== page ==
Tuesday, 21 January 2014

Archaeo newswatch: the Importance of being Clothed

I almost ignored the headline 'Cover-up at the BBC', so common now has 'beeb-bashing' become in the tabloid press, but, as the pictures that followed the headline all appeared to indicate, this particular story had a significant archaeo-historical dimension.

"Naturists have accused the BBC of "falsifying history" by putting clothes on actors" read the piece (always a dangerous thing, I guess, given that most actors seem only too keen to take their clothes off) in Andrew Marr's TV series The History of the World. "They" the article went on "said the BBC had attempted to rewrite the history books for profit by covering the modesty of those who appeared in the show"

British Naturism, so the press tells me, were upset by those scenes in the recent TV series that showed ancient people wearing clothes, when, of course, any right-thinking naturist knows that everyone in the past was naked - all the time.

Offending scenes included ones such as this, taken from Pharaonic Egypt:

or here, in pre-Columbian America:

or indeed here, in one of the many exoduses (what is the plural of exodus? Exodusi?) of human groups out of Africa:

Sorry, but I'm at a loss to know with what authority the organisation British Naturism speaks. I'm perfectly willing to believe that the press has mis-quoted them here (in order to generate a story on a 'slow news day') but I somehow doubt this to be the case (given the marked similarity of quotes being used in a variety of different papers). Are they really saying that distant human societies, although they had the skill, ability and technological knowhow to hunt, gather, make tools, build shelters, create tombs, modify the land, domesticate animals etc etc, singularly lacked the good sense to cover up when it got cold, protect themselves from the heat or, indeed, protect their dangly-bits from thistle/thorn based laceration whilst chasing bison through a forest?

Yes, there's always been a degree of 'sensitivity' in recreations of the very distant past (I hesitate to use the term 'reconstruction' because that implies a degree of accuracy that archaeology cannot, in truth, supply), creating some extremely memorable (and unintentionally hilarious) images showing Palaeolithic people managing (discretely) to obscure their genitalia from the prehistoric paparazzi, such as this: 

or indeed this:

but that doesn't mean that everyone in every society, from the first hunters to the first pyramid-builders, went around naked all of the time.

I've no particular desire to see archaeology being mis-used on TV (although it does, of course, happen) but then neither have I any real desire to see assorted genitalia wafting around in the breeze (heaven knows I have enough trouble looking at my own without having to watch a stranger's on primetime). Our ancient ancestors were not as stubbornly thick as some would still like us to believe. They were not the drool-covered, mud splattered primitives that one sees in the pages of Victorian school books (such as the recently republished Our Island Story) and they did, almost certainly, have the good sense to cover up from time to time.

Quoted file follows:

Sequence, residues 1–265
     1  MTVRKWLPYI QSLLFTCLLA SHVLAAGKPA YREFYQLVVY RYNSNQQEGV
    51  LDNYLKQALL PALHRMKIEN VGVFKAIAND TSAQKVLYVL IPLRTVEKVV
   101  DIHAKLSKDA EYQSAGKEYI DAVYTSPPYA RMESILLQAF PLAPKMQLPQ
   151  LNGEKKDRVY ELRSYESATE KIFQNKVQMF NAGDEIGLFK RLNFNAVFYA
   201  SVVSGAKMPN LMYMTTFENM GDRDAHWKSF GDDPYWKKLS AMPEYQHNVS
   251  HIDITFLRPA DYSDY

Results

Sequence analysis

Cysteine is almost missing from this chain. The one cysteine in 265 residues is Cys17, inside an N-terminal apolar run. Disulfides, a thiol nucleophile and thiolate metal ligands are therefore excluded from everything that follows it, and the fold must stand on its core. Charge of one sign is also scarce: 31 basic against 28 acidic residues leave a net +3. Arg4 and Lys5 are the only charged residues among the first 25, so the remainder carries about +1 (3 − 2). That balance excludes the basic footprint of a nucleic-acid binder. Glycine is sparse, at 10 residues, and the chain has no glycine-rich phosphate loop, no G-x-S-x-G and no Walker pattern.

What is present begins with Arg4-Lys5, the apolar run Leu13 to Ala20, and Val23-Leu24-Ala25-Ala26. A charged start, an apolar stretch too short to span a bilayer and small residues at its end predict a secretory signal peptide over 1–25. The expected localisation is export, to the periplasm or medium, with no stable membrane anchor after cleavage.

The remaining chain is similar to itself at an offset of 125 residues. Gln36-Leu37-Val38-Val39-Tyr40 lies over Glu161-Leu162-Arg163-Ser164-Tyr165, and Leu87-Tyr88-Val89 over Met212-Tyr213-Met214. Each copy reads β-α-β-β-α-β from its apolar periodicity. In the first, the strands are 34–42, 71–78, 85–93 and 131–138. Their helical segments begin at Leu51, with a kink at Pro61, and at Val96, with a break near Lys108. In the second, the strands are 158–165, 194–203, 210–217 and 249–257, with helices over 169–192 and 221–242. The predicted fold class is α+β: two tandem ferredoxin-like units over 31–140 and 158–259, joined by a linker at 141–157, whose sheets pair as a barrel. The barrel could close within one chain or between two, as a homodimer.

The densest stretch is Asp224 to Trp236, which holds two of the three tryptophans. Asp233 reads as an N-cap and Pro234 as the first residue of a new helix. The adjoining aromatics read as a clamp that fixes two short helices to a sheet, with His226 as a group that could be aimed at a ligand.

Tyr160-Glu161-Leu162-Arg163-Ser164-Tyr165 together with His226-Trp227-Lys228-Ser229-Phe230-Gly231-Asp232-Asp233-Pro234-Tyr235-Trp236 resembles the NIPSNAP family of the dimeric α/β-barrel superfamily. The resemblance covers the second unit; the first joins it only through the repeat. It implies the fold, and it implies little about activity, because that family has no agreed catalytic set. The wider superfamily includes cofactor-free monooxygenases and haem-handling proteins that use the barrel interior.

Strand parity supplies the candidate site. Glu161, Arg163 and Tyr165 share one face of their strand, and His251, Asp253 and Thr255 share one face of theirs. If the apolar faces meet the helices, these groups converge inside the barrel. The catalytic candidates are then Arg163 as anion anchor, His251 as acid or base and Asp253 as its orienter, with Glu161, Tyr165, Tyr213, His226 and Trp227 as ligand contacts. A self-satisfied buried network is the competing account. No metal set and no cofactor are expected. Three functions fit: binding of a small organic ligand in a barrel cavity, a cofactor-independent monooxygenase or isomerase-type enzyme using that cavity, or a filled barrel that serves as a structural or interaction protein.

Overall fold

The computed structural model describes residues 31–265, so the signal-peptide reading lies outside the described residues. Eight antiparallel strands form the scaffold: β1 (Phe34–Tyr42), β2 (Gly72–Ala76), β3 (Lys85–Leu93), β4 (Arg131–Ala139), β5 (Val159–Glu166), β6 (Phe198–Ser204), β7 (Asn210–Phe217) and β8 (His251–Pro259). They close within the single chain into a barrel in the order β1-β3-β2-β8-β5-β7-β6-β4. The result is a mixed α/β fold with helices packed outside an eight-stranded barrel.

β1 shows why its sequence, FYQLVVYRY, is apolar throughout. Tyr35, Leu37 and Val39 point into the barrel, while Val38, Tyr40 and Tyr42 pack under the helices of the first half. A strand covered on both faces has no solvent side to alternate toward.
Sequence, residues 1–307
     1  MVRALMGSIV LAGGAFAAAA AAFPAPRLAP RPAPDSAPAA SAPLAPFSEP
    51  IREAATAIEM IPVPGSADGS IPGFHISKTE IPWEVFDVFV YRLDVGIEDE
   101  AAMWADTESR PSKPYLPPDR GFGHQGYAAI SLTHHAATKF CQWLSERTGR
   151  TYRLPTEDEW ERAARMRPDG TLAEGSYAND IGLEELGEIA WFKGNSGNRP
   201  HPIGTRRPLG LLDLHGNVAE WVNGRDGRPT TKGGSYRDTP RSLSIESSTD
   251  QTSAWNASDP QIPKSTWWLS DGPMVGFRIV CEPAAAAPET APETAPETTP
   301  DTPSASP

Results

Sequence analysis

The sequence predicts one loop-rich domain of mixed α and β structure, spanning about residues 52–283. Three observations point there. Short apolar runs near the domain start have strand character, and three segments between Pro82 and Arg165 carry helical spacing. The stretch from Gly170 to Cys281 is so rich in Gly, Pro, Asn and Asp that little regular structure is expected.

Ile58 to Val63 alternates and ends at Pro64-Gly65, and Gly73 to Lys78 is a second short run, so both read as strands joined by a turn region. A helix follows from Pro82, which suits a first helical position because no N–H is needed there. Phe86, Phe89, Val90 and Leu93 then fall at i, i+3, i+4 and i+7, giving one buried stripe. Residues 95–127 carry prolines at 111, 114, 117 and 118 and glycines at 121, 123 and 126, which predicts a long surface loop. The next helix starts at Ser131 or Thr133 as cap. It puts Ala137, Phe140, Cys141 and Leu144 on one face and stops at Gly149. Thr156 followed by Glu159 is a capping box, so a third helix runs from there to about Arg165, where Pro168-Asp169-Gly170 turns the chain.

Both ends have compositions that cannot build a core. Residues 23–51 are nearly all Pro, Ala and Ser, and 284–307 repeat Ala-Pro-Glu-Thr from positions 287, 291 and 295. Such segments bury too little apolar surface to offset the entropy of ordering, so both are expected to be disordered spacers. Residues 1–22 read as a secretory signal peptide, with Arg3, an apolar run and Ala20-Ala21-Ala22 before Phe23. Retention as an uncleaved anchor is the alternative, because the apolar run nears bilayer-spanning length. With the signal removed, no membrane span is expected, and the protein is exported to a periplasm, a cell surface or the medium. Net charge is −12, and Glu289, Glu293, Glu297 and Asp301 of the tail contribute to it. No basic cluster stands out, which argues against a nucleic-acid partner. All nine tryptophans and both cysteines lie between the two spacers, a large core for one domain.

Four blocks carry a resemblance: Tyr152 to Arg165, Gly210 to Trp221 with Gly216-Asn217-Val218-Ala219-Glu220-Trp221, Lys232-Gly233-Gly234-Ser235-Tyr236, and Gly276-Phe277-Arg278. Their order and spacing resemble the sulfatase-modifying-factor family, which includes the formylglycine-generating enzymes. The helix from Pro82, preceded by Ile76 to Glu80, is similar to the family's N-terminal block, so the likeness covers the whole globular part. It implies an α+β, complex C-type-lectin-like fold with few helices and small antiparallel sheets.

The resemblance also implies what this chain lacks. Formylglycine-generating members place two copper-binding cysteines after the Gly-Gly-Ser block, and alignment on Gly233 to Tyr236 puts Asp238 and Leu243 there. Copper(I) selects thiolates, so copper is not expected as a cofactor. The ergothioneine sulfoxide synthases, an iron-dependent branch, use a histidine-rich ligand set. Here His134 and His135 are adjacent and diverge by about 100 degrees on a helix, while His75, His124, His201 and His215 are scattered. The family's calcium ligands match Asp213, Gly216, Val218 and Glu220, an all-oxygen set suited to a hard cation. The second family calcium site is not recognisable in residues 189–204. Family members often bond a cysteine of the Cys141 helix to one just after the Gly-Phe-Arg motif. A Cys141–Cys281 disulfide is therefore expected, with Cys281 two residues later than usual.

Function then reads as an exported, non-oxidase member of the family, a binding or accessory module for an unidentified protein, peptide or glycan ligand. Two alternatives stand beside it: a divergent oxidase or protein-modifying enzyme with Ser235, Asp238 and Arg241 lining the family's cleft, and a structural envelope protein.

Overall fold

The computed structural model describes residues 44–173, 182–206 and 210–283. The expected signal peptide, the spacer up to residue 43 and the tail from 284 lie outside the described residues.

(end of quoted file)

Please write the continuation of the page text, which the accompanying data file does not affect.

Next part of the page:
Here, then, is dramatic recreation of distant prehistory which I offer up (free of charge) to the makers of The History of the World, just in case they ever plan a sequel, which would undoubtedly resolve the matter and help to mollify the concerns of the modern-clothes-rejecting few:

Dateline 478,000 BC (late afternoon), just before the Anglian glaciation. Two early humans are sitting on a cliff edge. They are bored.

Kevin: "ere Gavin"

Gavin: "yeah?"

Kevin: "look, I've been wondering"

Gavin (cautiously): "yes?"

Kevin: "well, you know how cold it's been getting recently?"

Gavin: "yeees"

Kevin: "well, I was wondering whether, just perhaps y'know, whether it wouldn't be a bad idea if, rather than just ripping the fur off a bear and simply throwing it away when we sit down to eat"

Gavin (bored): "yeeeeesss"

Kevin (slightly embarrased): "well, I was thinking"

Gavin: "get to the point mate"

Kevin: "well, I was thinking that maybe, perhaps, we could keep the fur and, well y'know, wear it"


Gavin: "Wear it?"

Kevin: "yeah, you know, drape it over ourselves, to keep warm"

Gavin: "warm?"

Even longer pause

Kevin: "oh forget it. You know I sometimes speak without thinking things through properly. Do it all the time. Me ol' mum, she used to say 'Kevin, this thinking business, it'll be the death of you one day, you mark my words' and then me ol' dad, well he..

Gavin: "no no Kev, I think you may have something there. Yeah. Cover ourselves in fur. That could work."

Kevin (enthusiastically): “and we could call the fur Clo-thing and we could stitch it together in different ways and walk up and down in front of each other in a big kinda show thing and then some of us could..."

Gavin: "don't push it mate"

Kevin: "yeah, ok"

Sunday, 5 January 2014

A life in archaeology

I read in the Times (for Saturday January 4th) that the Russian archaeologist Viktor Sarianidi, made famous for the discovery of a series of tombs, some containing a significant quantity of gold, in Afghanistan during the late 1970s, passed away in December 2013.   

I only met him once, in the mid 1980s (when my Russian was, as it is now, non-existent) so I can't speak with any authority as concerns his life or work (but can confirm that he was indeed quite a character). Reading his obituary, however, I was struck by the comment that his "was an uncomfortable lifestyle which, when not excavating, was spent principally trying to stay alive and establish a supply of vodka" something which, I think you'll agree, rather succinctly (and effectively) sums up the profession of archaeology as a whole.

Rest in peace Viktor